Disability and Love: It’s Not Impossible

Though I’ve touched on this before, it bothers me that there’s a stigma of disabilities and love within society. Maybe not a stigma…but hesitation. It’s there. I’ve experienced it first hand, and I’ve observed many depictions in the media where a disabled person finds love and it become a news story….or my personal favorite…the article about two people with disabilities getting married. Hear me out, though. There is nothing wrong with two people with disabilities being together in an intimate relationship. If you find the one you love, and they have a disability too, but they also love you right back, then that’s wonderful. However, please don’t settle for a mediocre relationship just because you want to be with someone. And don’t think that just because you have a disability you won’t find love. I’m living proof that’s not the case. However, that also doesn’t mean that a disabled person in a relationship is newsworthy. It’s not. It’s every day life. Unless you’re a celebrity, are you going to have an article in the paper about your date to prom? No.

Was I overwhelmed by the dating process? Yes. Was I worried that someone might not want to be with me because of my disability? Also yes. But you know what? You don’t want to be with someone like that anyway. If someone’s put off by your disability, they aren’t right for you. Simple as that.

I by no means am a relationship expert in any capacity. I just have my own experience as a disabled person trying to find a companion for life. My fiancé does not have Cerebral Palsy like me. Truthfully, I had concerns about being with someone who also had CP simply because I knew the amount of help I’d need physically as I got older, and I wouldn’t want to put someone in a position where they didn’t feel comfortable doing that. Would I have considered it if the person I fell in love with also had CP? Maybe. I’ll never know.

What I do know is this: Find someone who cares. Find someone who loves you AND your disability, not just you (i.e. they don’t have to necessarily be thrilled about your disability, but if they have doubts about your ability to love or be in a relationship because of your disability, you deserve better). Find someone who you can talk to openly about disability logistics (and that right there is the cornerstone to my relationship). If my fiancé and I couldn’t talk openly about how my disability impacts our relationship, we wouldn’t work. Getting to that level of openness with a partner could take some time, but if you haven’t had a conversation about your disability and how it would work in the context of a relationship after a few months, maybe there’s a reason. It’s also possible that you may have no idea how your disability will impact / affect a relationship. That’s okay too. When I first started dating my fiancé, everything was uncharted territory regarding relationships. But we got through it together. We learned side by side. Sometimes we had no idea how to handle certain things. When we went on our first date, he didn’t know whether to help me or whether I’d take offense to that. *Hint, hint*: He asked me what he needed to do / how I wanted him to help me, and I told him. Sometimes I needed an arm to steady myself; sometimes I didn’t. Either way, I communicated my needs to him. Because news flash: someone doesn’t know you need help until you ask. And it’s okay to ask. If you ask, and they say no, run. That person’s a jerk. You’re better off without them.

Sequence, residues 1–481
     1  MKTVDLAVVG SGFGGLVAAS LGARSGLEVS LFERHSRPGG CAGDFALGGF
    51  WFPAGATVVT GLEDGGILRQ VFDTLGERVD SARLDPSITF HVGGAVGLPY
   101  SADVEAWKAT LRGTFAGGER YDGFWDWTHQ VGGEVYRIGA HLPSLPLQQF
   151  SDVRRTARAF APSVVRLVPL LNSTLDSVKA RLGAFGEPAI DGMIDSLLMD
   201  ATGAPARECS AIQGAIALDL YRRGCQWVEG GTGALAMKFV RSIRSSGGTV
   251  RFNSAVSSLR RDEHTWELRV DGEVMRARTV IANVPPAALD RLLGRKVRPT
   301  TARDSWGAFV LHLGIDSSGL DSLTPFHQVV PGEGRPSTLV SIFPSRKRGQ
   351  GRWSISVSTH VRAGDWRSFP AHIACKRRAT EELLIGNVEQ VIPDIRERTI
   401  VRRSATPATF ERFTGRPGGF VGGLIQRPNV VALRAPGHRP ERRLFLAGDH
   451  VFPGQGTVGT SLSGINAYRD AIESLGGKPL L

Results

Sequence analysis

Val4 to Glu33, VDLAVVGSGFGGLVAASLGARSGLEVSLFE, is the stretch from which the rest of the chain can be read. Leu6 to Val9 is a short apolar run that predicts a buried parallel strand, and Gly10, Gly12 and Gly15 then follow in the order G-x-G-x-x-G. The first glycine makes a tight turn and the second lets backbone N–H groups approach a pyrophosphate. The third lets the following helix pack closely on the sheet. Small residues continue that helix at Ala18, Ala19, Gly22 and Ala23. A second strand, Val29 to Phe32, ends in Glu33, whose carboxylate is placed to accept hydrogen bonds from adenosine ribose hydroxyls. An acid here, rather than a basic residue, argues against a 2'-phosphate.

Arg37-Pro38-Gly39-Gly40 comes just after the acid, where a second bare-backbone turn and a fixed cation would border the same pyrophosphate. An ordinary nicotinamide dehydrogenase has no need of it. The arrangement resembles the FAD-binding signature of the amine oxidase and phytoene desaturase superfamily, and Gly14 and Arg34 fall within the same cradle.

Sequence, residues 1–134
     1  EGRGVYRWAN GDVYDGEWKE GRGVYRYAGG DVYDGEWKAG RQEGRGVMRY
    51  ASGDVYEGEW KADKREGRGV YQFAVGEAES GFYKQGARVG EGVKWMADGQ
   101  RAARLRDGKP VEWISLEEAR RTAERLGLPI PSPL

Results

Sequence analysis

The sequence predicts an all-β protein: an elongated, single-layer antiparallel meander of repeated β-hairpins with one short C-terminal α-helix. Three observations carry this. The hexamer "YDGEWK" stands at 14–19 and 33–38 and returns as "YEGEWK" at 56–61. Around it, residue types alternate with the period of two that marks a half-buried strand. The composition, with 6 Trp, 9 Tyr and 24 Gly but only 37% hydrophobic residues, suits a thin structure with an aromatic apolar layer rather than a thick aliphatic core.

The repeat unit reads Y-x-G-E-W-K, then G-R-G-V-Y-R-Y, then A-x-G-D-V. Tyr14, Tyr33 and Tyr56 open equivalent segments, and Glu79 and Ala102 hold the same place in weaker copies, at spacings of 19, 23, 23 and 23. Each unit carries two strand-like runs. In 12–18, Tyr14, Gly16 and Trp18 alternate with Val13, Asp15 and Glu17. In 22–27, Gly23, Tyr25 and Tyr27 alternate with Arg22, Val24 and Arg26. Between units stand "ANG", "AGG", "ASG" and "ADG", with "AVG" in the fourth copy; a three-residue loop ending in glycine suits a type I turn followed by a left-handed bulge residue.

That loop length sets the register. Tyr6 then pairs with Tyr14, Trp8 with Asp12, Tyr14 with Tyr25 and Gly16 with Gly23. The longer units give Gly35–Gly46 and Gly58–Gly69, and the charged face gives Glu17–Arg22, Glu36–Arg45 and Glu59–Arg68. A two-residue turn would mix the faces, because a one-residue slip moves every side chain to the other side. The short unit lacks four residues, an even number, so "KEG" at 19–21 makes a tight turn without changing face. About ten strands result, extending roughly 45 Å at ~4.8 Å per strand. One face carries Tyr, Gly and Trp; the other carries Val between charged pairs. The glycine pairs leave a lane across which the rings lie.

Love is possible as a disabled person. The smartest love advice I was ever given was: “Stop looking. Love will find you when you’re doing the things you love.” However, I’ll amend that advice to say this: It’s highly likely you’ll find love when you stop relentlessly searching. However, don’t expect love to fall in your lap, either. I had to do my fair share of work in meeting my fiancé. For instance, I initiated conversation first. I approached him first. I knew enough to know I’d likely have to do that, which some may be frustrated by. And it’s certainly not required. I just knew I needed to be proactive, and I knew I didn’t want love to pass me by.

I was lucky. I have found a person to spend my life with who doesn’t view me as a burden. It’s possible for others with disabilities too. Trust me, I’m living proof.

Dating With a Disability [Part 2]

The initial dating with a disability post I wrote back in March was such a hit that I wanted to do a follow-up. I think sometimes society has a hard time understanding that people with disabilities want the same things everyone else does: love, success, lifelong friendships. And those things are attainable for the disability population. However, it may just mean there are more logistics to figure out.

In the case of dating, for me that meant thousands of questions were going through my head: 1). When should I tell him about my disability? 2). How will he respond? 3). Will he care? 4). If we get serious, will he resent me for what I can’t do? 5). If we get serious, will he feel like my caretaker?